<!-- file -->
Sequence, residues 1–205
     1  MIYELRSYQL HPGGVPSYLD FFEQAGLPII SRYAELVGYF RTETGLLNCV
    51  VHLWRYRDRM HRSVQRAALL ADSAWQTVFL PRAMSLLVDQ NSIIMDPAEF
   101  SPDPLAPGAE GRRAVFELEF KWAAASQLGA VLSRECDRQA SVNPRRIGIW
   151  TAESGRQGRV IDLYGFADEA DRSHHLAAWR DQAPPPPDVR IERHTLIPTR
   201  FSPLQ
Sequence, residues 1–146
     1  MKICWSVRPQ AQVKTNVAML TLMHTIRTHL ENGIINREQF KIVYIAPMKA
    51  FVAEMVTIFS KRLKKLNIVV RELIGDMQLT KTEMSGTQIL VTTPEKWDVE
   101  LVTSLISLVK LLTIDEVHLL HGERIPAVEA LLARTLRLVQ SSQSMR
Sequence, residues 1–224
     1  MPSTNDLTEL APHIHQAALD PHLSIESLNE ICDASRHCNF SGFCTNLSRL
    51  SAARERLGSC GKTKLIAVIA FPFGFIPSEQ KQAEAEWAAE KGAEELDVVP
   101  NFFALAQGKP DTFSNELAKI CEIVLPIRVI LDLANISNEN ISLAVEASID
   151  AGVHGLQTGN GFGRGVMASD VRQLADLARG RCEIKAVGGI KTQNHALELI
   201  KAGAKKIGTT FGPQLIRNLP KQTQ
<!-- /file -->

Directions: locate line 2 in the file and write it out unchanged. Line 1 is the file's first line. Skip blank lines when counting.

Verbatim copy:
     1  MIYELRSYQL HPGGVPSYLD FFEQAGLPII SRYAELVGYF RTETGLLNCV